Software Piracy

On November 25, the Associated Press ran an article the gist of which was, “targeting small businesses is lucrative for the Business Software Alliance, the main copyright-enforcement watchdog for such companies as Microsoft Corp., Adobe Systems Inc. and Symantec Corp.” The story stated that, “The BSA is well within its rights to wring expensive punishments aimed at stopping the willful software copying that undoubtedly happens in many businesses . . . But software experts say the picture has more shades of gray.” With this in mind it is interesting to take a look at the latest yearly report published by the BSA which came out this past summer. Though the numbers may or may not be spun to the organization’s advantage, it does reveal why it feels action is needed.

But of the 102 countries tracked by the BSA software piracy dropped in 62 and rose in 13. While these numbers may make it appear as though efforts are making a difference, a closer look is more revealing. The overall rate of pirated software installed last year was 35 percent, a number which has remained constant for the past three years. This constancy is largely attributed to the personal computer market growing more rapidly in piracy heavy countries. Emerging markets are notable for their high rates of piracy. Furthermore, as the overall market grew substantially in 2006 the money lost to piracy actually increased 15percent or $5 billion. While the actions taken to combat piracy in some of the worst offender countries have been effective, these countries’ share of the market also grew thereby preventing the worldwide average from dropping. “So it remains in 2006 that for every $2.00 worth of software purchased legitimately, $1.00 worth was obtained illegally.”

If 35 percent seems a high number there are some even more startling numbers in the BSA report. “While the worldwide weighted average piracy rate is 35 percent, the median piracy rate is 62 percent, meaning half of the countries studied have a piracy rate of 62 percent or higher. In just under one-third of the countries, the piracy rate is higher than 75 percent.” Even with the decrease in two of the worst offending countries, their rate of piracy is astounding. China’s piracy rate decreased by 4 percentage points yet still remains at 86 percent. Russia decreased its piracy rate by three percent but has still to drop below 80 percent.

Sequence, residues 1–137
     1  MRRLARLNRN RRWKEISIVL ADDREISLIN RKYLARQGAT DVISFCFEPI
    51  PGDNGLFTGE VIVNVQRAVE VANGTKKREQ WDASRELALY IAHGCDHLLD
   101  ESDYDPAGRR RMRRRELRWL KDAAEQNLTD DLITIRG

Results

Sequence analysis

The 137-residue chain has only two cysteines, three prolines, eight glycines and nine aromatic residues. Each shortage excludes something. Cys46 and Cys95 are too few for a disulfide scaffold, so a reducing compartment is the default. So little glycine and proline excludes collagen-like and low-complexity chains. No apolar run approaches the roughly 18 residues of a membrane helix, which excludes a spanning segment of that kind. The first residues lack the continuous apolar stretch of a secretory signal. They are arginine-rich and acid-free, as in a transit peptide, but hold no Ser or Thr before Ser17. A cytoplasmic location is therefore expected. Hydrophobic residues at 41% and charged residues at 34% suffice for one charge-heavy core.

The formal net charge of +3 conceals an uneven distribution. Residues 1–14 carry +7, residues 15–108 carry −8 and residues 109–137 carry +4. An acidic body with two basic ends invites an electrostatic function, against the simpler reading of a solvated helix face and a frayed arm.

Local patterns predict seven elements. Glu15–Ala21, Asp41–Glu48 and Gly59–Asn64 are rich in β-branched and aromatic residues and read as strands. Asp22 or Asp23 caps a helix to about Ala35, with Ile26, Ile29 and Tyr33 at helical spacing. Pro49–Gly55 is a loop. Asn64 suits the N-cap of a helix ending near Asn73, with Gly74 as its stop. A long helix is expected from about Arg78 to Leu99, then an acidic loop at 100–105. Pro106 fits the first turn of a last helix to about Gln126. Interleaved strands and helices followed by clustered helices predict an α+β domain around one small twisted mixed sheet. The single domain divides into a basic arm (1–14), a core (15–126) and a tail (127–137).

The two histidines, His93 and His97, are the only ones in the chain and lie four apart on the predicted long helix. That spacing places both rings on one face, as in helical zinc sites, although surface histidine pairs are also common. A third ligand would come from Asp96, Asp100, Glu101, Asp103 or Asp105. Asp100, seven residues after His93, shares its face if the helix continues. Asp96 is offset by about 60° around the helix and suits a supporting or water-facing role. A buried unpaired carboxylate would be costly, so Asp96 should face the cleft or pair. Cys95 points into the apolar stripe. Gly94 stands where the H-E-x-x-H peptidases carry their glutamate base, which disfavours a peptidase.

The report notes that, “Software piracy has many negative economic consequences, including local software industries crippled by competition with pirated software from abroad, lost tax revenues and jobs from lack of a legitimate market and, decreased business productivity from using unsupported and often ‘buggy’ software.” The initial financial loss in North America, whose 22 percent piracy rate is the lowest worldwide, is over $8 billion. But the impact, according the BSA, goes far deeper than less in the pockets of Microsoft et al. “These costs also reverberate up and down the supply and distribution chains. According to IDC, for every $1.00 in software sold, there is at least another $1.25 in services sold to design, install, customize, and support that software. That software and those additional services then drive approximately another $1.00 of channel revenue.”